As a lawyer, how do you define flexibility? Is it being able to work from home one day a week, or leaving early on a Friday afternoon?
Sometimes the stereotype is true: we’ve seen lawyers think of their work arrangements as flexible if they can leave the office at 5pm to log back on once they’re home.
Other professional services firms have taken advantage of the way new technology is removing barriers to flexible work arrangements. They have embraced collaborative environments that reduce overheads and improve office morale.
Offering staff flexible working hours inspires trust, well-being and loyalty, and leads to greater staff retention.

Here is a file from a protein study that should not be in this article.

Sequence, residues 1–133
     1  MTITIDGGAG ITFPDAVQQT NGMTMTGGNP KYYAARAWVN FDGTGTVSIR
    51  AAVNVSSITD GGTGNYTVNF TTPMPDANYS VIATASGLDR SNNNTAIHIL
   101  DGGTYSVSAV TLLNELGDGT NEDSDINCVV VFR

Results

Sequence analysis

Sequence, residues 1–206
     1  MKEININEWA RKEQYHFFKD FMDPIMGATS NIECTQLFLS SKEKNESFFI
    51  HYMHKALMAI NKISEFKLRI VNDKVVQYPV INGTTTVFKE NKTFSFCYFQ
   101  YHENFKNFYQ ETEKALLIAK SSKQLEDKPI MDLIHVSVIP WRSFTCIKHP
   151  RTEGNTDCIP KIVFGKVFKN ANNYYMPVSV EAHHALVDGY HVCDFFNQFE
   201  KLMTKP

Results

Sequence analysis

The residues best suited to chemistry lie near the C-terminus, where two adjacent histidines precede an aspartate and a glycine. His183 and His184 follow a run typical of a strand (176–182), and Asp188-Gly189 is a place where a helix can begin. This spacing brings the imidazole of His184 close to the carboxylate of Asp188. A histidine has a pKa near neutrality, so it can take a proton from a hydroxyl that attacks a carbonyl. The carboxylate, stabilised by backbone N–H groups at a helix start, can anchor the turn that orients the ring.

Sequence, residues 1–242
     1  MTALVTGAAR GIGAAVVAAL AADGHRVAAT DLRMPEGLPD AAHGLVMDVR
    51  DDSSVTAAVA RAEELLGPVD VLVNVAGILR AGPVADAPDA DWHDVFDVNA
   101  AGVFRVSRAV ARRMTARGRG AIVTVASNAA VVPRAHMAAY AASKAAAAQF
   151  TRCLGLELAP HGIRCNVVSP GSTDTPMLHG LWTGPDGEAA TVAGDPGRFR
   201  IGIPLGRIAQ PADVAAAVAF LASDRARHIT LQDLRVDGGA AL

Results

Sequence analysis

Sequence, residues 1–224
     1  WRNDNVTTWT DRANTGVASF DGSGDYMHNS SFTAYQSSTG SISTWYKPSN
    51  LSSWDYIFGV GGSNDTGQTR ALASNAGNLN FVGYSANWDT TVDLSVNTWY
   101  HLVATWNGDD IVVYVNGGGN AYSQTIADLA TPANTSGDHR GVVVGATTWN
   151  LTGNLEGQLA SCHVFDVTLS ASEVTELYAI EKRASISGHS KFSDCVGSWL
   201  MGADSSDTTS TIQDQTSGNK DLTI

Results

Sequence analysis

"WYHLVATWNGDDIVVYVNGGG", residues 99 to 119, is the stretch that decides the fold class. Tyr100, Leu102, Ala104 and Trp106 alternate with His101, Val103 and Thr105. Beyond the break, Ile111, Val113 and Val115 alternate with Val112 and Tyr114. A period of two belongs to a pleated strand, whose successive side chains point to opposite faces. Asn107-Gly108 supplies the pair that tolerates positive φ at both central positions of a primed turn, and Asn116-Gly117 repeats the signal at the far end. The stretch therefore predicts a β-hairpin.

But the legal industry doesn’t seem to be heading in the direction of flexible work arrangements. Concerns about client demands, confidentiality and the development of junior lawyers have kept firms from embracing the benefits of 7-day fortnights and working at home.
Often, lawyers are still expected to show up all day, every day (and usually more than that), even if they’re also required to sit in their office with their door closed, to protect client privacy.
Law should be one of the easiest professions to embrace flexibility because of the way that output is measured. Lawyers’ performances are assessed on their utilisation – that is, the number of billable hours divided by the number of hours per week.
In other words, they have either done their time, or they haven’t. Whether this is done in the office or at home is irrelevant.
Given the benefits of flexibility and how easily it could be adopted in law firms, there’s no reason the legal industry shouldn’t be embracing it in the future.